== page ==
“Mama,” he called, and I watched as he continued walking closer to the house. “Mama,” he called again. The sniffles got louder, and as he came closer I could see tears running down his cheeks. I stood up, walked down the steps, and went slowly out toward the sidewalk, where I knelt down in front of him as I heard thunder sound in the distance. I saw him jump. “Mama!” he yelled, and I touched his arm to calm him.
“What’s wrong?” I asked him, looking into huge dark eyes and a dark, round face framed by jet-black hair. I heard the door of one of the neighbors’ houses snap closed.
“That’s one of them injun kids. Just leave him alone.” I turned and glared at old Mr. Hooper, anger boiling inside me. He’d been a grouch and a certified pain in the ass for as long as I could remember, but this was the first time in my life that I contemplated hitting the old bastard. Instead I ignored him.
“Are you lost?” I asked him, and the kid sniffled and nodded. “What’s your name?”
“Keyan,” he answered, and I looked at John and then back at the boy.
“It’s going to be all right. I’m Jerry and this is—” I was about to say “John” when he interrupted me.
“Akecheta,” John said, and the boy sniffed once, and his eyes widened as if he were seeing John for the first time. Thunder sounded again, and the breeze, which had been blowing softly, picked up, whistling through the trees and around the house.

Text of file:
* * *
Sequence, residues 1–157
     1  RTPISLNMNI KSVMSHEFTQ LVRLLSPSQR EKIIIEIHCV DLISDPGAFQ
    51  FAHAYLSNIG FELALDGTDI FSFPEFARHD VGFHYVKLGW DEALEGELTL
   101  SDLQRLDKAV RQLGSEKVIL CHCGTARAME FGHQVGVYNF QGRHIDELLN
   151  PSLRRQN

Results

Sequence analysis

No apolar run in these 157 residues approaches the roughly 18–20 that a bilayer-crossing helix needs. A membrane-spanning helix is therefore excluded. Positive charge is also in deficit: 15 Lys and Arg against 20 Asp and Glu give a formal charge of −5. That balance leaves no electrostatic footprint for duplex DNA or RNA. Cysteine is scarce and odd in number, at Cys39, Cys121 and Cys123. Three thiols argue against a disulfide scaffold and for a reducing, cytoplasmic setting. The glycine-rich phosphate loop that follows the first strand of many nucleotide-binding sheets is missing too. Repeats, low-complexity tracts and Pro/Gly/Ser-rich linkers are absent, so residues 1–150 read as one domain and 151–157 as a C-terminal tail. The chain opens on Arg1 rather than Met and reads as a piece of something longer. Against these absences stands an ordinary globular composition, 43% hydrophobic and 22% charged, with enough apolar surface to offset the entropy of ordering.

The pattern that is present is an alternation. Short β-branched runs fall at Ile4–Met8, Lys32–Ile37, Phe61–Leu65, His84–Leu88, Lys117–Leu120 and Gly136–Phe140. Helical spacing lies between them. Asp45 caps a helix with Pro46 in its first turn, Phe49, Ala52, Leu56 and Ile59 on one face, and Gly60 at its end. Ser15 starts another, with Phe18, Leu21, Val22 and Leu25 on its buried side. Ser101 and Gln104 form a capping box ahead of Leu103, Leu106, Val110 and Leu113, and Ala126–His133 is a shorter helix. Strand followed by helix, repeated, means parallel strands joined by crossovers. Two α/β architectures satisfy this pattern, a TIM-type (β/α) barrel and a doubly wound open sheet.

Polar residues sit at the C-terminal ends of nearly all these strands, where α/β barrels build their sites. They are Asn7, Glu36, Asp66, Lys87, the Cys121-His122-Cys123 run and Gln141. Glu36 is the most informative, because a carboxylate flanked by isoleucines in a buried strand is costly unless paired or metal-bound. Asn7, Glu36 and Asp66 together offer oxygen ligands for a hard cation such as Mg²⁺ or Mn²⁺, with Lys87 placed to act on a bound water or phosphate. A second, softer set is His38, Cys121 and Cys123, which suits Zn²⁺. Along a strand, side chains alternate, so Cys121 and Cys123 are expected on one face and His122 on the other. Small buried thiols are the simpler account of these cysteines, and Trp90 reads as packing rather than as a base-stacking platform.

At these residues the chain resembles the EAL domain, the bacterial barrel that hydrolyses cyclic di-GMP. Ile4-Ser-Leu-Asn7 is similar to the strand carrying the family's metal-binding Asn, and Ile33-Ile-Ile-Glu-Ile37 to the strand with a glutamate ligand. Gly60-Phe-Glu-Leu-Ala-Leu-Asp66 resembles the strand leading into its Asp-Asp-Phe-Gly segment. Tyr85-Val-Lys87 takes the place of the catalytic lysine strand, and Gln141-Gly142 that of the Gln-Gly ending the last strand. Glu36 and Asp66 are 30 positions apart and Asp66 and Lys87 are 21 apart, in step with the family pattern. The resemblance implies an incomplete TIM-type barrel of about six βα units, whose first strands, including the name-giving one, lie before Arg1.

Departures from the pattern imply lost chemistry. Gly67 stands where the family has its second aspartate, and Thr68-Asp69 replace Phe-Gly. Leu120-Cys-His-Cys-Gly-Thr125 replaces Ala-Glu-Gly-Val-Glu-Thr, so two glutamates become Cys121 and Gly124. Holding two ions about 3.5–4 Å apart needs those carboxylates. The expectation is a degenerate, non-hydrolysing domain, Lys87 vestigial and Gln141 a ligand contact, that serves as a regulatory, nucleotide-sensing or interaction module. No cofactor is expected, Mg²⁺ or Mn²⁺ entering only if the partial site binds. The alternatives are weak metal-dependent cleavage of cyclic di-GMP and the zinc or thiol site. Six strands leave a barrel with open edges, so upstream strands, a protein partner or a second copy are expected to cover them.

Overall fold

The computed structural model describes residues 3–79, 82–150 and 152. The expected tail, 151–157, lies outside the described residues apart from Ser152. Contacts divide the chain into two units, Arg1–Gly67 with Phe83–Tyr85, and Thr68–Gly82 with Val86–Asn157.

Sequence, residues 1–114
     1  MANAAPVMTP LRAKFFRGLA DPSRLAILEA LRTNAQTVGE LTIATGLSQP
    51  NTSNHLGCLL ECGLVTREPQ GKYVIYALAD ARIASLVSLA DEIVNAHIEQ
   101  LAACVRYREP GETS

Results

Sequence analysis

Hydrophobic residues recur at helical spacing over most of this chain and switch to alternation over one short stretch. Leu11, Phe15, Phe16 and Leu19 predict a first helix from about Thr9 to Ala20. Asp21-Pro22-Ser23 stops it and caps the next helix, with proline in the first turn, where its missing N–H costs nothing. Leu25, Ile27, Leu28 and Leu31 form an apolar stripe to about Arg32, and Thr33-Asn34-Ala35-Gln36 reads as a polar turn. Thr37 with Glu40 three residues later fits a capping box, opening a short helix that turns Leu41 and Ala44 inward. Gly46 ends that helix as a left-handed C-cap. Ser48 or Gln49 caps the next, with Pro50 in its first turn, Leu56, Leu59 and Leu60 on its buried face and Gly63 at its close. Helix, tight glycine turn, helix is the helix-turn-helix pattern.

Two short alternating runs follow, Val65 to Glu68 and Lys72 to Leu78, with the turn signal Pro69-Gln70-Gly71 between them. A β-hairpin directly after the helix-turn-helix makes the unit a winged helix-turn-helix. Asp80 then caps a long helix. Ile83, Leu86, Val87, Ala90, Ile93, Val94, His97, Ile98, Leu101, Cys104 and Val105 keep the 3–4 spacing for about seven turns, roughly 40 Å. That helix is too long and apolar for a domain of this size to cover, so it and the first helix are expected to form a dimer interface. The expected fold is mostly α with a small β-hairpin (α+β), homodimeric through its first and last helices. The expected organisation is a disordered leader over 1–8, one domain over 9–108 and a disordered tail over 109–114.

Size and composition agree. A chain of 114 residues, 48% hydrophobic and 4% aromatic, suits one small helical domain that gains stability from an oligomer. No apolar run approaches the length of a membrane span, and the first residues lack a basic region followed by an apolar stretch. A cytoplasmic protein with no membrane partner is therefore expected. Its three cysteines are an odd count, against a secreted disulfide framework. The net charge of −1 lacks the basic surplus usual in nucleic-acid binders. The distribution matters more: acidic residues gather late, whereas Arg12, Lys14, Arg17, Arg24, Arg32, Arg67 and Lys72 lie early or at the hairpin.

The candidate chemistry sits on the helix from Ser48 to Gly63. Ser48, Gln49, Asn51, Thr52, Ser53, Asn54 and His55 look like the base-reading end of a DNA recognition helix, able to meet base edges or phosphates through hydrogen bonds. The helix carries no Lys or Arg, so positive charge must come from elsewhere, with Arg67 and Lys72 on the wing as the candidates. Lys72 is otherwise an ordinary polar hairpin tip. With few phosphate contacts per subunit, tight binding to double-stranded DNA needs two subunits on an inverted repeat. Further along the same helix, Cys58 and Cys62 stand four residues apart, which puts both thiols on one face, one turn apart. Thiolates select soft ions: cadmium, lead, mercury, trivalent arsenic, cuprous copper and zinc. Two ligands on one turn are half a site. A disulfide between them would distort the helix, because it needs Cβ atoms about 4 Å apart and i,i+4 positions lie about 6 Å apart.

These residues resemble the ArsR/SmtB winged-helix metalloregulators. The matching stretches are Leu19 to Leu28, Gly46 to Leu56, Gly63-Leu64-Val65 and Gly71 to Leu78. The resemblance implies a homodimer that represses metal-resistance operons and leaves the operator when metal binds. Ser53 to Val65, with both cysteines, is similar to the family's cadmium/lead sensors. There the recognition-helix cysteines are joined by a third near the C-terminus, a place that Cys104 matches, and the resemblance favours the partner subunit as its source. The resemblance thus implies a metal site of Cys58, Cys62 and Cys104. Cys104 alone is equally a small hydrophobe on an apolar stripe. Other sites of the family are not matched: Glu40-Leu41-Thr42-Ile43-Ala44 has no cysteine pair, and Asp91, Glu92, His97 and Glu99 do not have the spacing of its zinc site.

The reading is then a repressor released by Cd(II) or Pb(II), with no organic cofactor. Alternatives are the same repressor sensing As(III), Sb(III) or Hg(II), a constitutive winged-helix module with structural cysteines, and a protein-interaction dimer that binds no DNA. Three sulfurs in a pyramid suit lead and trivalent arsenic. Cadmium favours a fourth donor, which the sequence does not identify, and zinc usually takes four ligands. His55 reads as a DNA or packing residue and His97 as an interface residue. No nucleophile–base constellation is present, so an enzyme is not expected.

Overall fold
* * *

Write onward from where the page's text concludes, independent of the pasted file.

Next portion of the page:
“Why don’t you sit with us on the porch,” I told Keyan. “Your mother is probably trying to find you.” I figured she was probably looking frantically, and Keyan’s wandering wasn’t helping. If she didn’t show up soon, I’d call the police. He nodded as lightning flashed, followed by more thunder. Keyan jumped and squeaked before hurrying up onto the porch. He stood near one of the front railings looking up and down the street, eyes scanning for his mother. Bryce came out, and I saw him and John talking before both of them sat down.
“You two can head home. I’ll take care of things,” I told them. Bryce peered toward the west, and I knew he was wondering whether he was going to get home before the storm hit. “Go on, Bryce. We’ll review things in the morning.” He nodded and said good night to both of us before hurrying to the driveway and into his car.
The first drops of rain hit the sidewalk as Bryce’s taillights faded from view. The wind picked up, and I gently moved Keyan further back on the porch as the sky opened up. “I’d better call the police,” I told John, and he placed his hand on my arm to stop me from going inside, shaking his head.
“Don’t,” John said. “She’ll be here soon.”
I was beginning to have doubts about that, but agreed to wait a few more minutes. As I was digging into my pocket for the phone, I heard a cry from the street, and the boy raced toward the edge of the porch. John stopped him, and a few seconds later a woman had the boy in her arms. He was crying, and she looked soaked to the skin as she rocked her son back and forth. “I’ve been looking for you everywhere,” she scolded nervously before crushing him into a hug once more.
The rain came down harder, pounding the ground and pavement. “Please have a seat until the rain stops,” I told her, and she nodded, sitting on one of the wooden chairs with her son close by.
“He wandered off and I’ve been looking for him all over,” she explained, and I wanted to ask what had happened, but like any mother, she just seemed relieved to have found him. I turned to John and then went inside and returned with a towel that I handed to her. She dried her face and hands before handing the towel back.